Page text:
t r u t h o u t | 01.27
Sunday 25 January 2009
John I. Laun of the Colombia Support Network asks if President Obama will support leaders like Colombia's President Alvaro Uribe, who violate the rule of law in their countries. (Photo: Getty Images)
President Barack Obama in his inaugural address committed his administration to following the rule of law. No doubt the rule of law greatly needs to be followed in the
It is also vital, however, for the Obama Administration to take into account the manner and extent of compliance with the rule of law by governments in countries with which the
This consideration is particularly important in the case of
They should look, first, at Mr. Uribe's re-election in 2006. He procured a change in a constitutional provision limiting a President to one four-year term by bribing through his associates in government a Colombian Congresswoman, Yidis Medina, to change her vote against re-election to for it in return for the promise of wealth. Is bribery to retain office consistent with the rule of law? Of course not.
Next we can look at President Uribe's Administration's welcome for a paramilitary hit-man called "Job" and a representative of narco-paramilitary leader Diego Murillo ("Don Berna"), who entered the Presidential Palace through a special entrance reserved for diplomats and important visitors. Is this welcoming of illegal paramiliitaries and drug-traffickers into one of the highest and most sacred places of the Colombian polity consistent with the rule of law? In no way.
And what of President Uribe's efforts to eliminate the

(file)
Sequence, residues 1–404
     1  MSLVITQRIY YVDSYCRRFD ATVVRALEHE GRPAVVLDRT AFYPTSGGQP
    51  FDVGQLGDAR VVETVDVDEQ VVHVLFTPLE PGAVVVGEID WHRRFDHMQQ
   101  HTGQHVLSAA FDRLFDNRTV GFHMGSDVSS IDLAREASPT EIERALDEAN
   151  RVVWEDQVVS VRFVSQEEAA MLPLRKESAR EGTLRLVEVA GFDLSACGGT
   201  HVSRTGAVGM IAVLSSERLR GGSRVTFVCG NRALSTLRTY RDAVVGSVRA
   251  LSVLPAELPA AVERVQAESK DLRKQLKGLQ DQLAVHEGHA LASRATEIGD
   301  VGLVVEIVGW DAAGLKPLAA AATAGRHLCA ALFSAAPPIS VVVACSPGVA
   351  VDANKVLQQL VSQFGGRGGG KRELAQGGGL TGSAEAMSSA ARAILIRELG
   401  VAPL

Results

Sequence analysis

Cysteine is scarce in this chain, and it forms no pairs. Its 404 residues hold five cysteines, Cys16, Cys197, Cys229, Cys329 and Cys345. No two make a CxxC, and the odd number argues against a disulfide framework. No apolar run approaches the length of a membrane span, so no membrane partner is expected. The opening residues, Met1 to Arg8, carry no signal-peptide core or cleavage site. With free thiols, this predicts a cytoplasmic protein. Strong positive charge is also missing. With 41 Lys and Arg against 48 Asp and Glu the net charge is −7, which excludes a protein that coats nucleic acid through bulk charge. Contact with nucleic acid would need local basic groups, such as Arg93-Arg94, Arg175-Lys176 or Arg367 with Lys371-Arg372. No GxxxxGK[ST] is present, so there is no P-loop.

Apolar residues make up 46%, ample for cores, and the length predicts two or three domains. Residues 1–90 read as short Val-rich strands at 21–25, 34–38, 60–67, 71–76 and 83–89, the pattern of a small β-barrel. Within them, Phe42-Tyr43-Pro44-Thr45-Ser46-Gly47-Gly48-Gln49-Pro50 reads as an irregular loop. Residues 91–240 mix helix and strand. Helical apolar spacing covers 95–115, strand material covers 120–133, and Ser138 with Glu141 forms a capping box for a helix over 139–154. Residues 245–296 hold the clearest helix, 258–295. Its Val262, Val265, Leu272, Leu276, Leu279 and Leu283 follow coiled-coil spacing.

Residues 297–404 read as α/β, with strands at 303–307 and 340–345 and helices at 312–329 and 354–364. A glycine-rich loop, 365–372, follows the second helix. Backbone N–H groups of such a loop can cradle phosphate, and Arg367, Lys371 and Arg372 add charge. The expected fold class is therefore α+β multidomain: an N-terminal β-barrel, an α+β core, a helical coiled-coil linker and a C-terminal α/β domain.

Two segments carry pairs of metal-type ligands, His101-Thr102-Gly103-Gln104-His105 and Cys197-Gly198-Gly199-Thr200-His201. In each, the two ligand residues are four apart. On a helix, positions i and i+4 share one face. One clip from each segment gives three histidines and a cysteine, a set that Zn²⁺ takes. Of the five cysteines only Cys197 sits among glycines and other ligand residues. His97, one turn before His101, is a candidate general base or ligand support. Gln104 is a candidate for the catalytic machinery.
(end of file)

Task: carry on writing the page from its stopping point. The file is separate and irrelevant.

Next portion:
The Colombian Constitution of 1991, a very progressive document in many respects, gives indigenous peoples and Afro-Colombian communities special rights to the lands they have occupied and worked for many years. President Uribe's Administration has authored laws and policies which would take away lands from indigenous and Afro-Colombian communities and provide them to multi-national businesses and to agro-exporters planting African palm and other export-oriented crops. The taking of lands has been achieved by the encroachment of illegal paramilitaries, who have forced literally millions of Colombians off their lands with support from the Colombian Army. Is this consistent with the rule of law? Absolutely not.
Revelations about the conduct about the Colombian military since 2006 have shown that in response to a decree establishing monetary and other rewards for killing guerrillas ( called "positives"), Colombian Army units have kidnapped poor unemployed youths and transported them to areas remote from their home areas and then murdered them and presented them as "guerrillas killed in combat", when they were neither guerrillas not killed in combat. Is this phenomenon, known as "false positives'" in
When President Uribe's head of the DAS (
Clearly Alvaro Uribe Velez has demonstrated time and again his lack of commitment to the rule of law. If President Obama is serious about his own commitment to the rule of law he must recognize these very serious failings in President Uribe 's governing of
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